Place-based networks are strengthening engagement
The key vehicle in strengthening academic policy engagement in West-Yorkshire is the Place-Based Economic Recovery Network (PERN). PERN is an academic led, multi-university network of experts in place based economic recovery, regeneration and resilience. It was established to offer support to West Yorkshire Mayoral Combined Authority, Leeds City Region Local Enterprise Partnership, and other public bodies, such as local authorities in the design, plan and implementation of COVID recovery efforts.
PERN is a single body with an academic representative from each of the 7 West-Yorkshire Universities and provides multi-dimensional and multi-disciplinary perspectives. It acts as a direct source of reference for the Combined and Local Authorities as well as support for the CAPE fellowship. Via the fellowship, PERN have been invited to engage with numerous policy makers and policy professionals at many levels within West-Yorkshire. PERN has developed evidence and engaged meaningfully with policy in several aspects of economic recovery, the safety of women and girls, regional tax policy, skills development, innovation mapping and much more. Crucially several impactful policy co-creation relationships have been established supporting policy professionals and academic research impact.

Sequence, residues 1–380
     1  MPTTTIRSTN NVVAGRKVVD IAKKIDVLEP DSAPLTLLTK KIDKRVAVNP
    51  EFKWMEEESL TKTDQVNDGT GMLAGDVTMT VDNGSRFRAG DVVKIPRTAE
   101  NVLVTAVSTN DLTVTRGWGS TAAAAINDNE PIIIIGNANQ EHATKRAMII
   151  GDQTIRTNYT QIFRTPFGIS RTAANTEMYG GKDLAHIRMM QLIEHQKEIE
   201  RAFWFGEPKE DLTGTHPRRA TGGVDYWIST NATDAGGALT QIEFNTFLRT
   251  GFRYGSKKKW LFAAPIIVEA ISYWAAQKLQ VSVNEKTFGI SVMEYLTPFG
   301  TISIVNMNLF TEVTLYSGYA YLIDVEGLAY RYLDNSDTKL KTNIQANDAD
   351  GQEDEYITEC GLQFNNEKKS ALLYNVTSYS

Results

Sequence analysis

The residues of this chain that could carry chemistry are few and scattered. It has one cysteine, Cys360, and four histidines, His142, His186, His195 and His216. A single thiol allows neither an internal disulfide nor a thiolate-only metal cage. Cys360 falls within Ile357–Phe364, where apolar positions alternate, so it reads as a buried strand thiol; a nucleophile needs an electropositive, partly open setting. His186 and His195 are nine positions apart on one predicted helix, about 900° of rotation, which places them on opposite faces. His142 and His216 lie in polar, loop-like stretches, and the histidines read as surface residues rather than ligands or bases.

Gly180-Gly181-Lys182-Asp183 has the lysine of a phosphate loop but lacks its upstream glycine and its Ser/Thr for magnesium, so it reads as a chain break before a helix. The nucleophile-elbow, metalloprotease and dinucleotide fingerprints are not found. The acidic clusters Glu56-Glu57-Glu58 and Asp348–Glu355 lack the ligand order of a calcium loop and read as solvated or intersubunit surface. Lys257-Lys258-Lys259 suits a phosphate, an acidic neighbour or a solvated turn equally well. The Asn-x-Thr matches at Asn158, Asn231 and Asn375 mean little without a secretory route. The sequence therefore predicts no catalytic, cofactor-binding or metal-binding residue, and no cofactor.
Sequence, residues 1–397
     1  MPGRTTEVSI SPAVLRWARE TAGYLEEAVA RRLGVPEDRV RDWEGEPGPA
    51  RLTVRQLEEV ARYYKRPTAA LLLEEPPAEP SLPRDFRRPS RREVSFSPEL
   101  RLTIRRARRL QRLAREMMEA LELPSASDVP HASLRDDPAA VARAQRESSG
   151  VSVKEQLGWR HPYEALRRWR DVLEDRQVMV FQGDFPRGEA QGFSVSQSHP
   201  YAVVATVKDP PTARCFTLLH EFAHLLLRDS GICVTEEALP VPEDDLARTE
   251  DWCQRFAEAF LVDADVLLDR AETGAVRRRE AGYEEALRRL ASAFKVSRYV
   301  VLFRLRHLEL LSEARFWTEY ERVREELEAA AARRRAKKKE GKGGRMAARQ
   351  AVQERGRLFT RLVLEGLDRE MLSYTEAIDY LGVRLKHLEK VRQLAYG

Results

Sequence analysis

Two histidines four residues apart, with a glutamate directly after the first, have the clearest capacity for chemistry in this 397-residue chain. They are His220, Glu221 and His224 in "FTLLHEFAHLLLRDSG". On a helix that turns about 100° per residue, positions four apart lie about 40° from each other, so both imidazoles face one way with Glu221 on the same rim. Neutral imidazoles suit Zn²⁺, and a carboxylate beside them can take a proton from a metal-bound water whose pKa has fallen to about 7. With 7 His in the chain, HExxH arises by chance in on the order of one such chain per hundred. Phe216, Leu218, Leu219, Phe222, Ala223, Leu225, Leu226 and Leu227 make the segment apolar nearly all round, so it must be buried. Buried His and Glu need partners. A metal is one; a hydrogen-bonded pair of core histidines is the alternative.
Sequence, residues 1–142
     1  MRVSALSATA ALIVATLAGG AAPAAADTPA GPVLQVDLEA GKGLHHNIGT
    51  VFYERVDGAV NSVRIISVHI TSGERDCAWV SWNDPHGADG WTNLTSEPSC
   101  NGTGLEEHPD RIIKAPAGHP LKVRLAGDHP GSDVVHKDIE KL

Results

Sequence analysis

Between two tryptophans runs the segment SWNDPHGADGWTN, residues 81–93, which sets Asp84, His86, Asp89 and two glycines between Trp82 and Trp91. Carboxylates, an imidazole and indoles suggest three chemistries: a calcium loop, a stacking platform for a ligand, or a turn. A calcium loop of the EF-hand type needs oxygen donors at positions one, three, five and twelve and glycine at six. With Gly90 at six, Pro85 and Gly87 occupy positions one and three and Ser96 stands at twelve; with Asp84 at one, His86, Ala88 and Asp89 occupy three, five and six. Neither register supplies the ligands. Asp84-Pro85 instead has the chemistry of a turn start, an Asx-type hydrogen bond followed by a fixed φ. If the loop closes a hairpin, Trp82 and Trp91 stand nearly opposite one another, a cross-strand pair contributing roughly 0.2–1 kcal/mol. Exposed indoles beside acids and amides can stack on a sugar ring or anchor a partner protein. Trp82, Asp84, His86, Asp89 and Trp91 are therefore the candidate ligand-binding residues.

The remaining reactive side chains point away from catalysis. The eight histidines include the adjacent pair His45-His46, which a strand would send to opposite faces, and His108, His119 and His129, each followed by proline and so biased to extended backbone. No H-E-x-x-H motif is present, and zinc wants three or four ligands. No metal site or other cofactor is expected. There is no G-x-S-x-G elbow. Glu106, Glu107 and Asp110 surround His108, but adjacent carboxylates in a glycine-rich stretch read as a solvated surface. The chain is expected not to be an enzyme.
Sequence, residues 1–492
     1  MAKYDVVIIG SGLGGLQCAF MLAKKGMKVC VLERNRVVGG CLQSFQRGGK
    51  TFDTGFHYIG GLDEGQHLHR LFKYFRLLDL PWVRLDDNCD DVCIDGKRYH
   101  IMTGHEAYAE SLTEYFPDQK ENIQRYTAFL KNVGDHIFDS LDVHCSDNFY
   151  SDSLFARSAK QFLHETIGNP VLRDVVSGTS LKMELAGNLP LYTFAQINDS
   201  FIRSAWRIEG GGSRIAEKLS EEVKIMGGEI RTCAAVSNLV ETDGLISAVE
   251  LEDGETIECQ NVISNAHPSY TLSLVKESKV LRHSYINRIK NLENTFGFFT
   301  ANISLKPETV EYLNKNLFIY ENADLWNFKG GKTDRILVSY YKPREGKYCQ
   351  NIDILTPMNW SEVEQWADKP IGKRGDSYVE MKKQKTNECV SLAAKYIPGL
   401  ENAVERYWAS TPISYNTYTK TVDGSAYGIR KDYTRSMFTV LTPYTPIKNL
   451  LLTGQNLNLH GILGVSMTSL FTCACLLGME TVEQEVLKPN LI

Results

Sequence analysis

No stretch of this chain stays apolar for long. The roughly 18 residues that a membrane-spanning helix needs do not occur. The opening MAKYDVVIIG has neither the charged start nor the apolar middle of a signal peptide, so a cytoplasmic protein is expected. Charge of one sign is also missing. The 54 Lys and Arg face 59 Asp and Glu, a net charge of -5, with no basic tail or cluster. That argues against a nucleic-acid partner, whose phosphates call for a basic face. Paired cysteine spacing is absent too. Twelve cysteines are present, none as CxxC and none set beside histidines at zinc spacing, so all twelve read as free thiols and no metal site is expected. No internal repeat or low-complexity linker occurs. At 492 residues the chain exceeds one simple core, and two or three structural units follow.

We are shifting towards regional policy engagement
rior to the fellowship starting, the academic policy engagement culture was strong, especially between a university and its local government, though usually a function of relationships between a small number of academics and policy professionals. The fellowship has helped facilitate policy engagement between the West-Yorkshire University Sector and regional policy in general. This is a key shift in supporting evidence based policy in West-Yorkshire.
“Dr Richard Whittle is playing a crucial role in building on the initial building blocks designed to strengthen academic research and policy engagement in West Yorkshire, principally through the West Mayoral Combined Authority. Research and evidence is seen increasingly as essential to informing and shaping effective policy and strategy in West Yorkshire in the areas of local and regional development, social mobility, policy and crime strategy, economic intelligence and foresight.”
Dr Pete O’Brien, Executive Director of Yorkshire Universities